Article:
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Navitas returns to profit in FY2013

International education giant Navitas has returned to profit in FY2013 after a tough 2012, largely due to improved operating conditions in its biggest market, Australia.

Net profit climbed by 2% to AUS$74.6m following a 5% fall in 2012

The firm, which offers pathway, English language, vocational and corporate courses in a number of countries, saw revenue climb by 6% to AUS$731.7m and net profit by 2% to $74.6m. This follows a 5% profit fall in 2012.

“Following several challenging years in key markets we did see a general improvement in FY13, especially in Australia”

CEO Rod Jones explained: “FY13 was a year of consolidation for Navitas as we continued to recover from the largely policy driven headwinds of the last few years and implemented some major structural changes following our recent strategic review.”

Operational highlights included a return to student enrolment growth in the University Programs division, which offers pathways and degree programmes at 30 colleges spanning Asia, North America, Europe, Africa and Australasia.

Enrolments, which fell by 3% last year (mainly due to policy barriers in the UK and Australia) increased in all regions in FY2013, while the company set in motion expansion plans in New Zealand and the US. Revenues increased by 9%, although a merger with the under-performing Student Recruitment division this year tempered growth.

Navitas’s English language offer (exclusive to Australia) also saw modest growth after a 24% profit fall for the now defunct English Division last year. The newly created Professional and English Programs Division (which merges English and corporate programmes) recorded a 4% increase in revenues.

Key growth areas were Australian government contracts and Navitas-owned education businesses such as ACAP, HSA and NCPS. “A modest recovery in English language demand, enhanced by cost recovery measures instigated in FY12 and FY13, also supported earnings growth,” said the company.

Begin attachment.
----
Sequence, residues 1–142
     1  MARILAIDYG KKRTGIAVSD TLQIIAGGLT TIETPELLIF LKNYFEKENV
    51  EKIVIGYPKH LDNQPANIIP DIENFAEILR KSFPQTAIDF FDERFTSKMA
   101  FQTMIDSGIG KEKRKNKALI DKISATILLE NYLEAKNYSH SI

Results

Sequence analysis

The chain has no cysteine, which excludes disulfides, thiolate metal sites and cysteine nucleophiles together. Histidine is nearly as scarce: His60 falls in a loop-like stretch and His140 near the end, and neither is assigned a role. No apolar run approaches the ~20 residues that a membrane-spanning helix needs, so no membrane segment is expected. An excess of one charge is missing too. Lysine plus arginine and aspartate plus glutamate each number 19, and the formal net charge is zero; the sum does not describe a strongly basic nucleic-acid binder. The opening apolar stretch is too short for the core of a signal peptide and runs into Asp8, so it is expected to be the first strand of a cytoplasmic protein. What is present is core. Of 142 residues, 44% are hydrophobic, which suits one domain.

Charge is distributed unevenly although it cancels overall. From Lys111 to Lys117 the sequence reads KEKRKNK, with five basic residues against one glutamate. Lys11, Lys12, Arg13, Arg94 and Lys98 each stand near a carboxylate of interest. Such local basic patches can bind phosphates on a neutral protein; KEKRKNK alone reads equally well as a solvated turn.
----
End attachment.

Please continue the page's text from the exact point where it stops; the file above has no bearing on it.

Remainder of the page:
“A modest recovery in English language demand also supported earnings growth”

Navitas has been buffeted by a tough operating environment in Australia over the last few years, caused by a national overseas enrolment downturn and high dollar. Its SAE media studies chain, bought in 2011, is also yet to live up to billing profit-wise.

However, government immigration policy reforms in 2013 have spurred recovery, said Jones, and the devaluation of the Aussie dollar spells good things for 2014.

“Following several challenging years in key markets we did see a general improvement in FY13, especially in Australia where the introduction of streamlined visa processing and [improved] post-study work rights has created stronger interest from international students,” said Jones.

“With University Programs enrolment growth, an expected return on recent investment from SAE and continued strong Professional and English Programs performance we anticipate solid growth in FY14.”

Navitas restructured its operations in FY2013 after a strategic review by the management consultancy the Parthenon Group.

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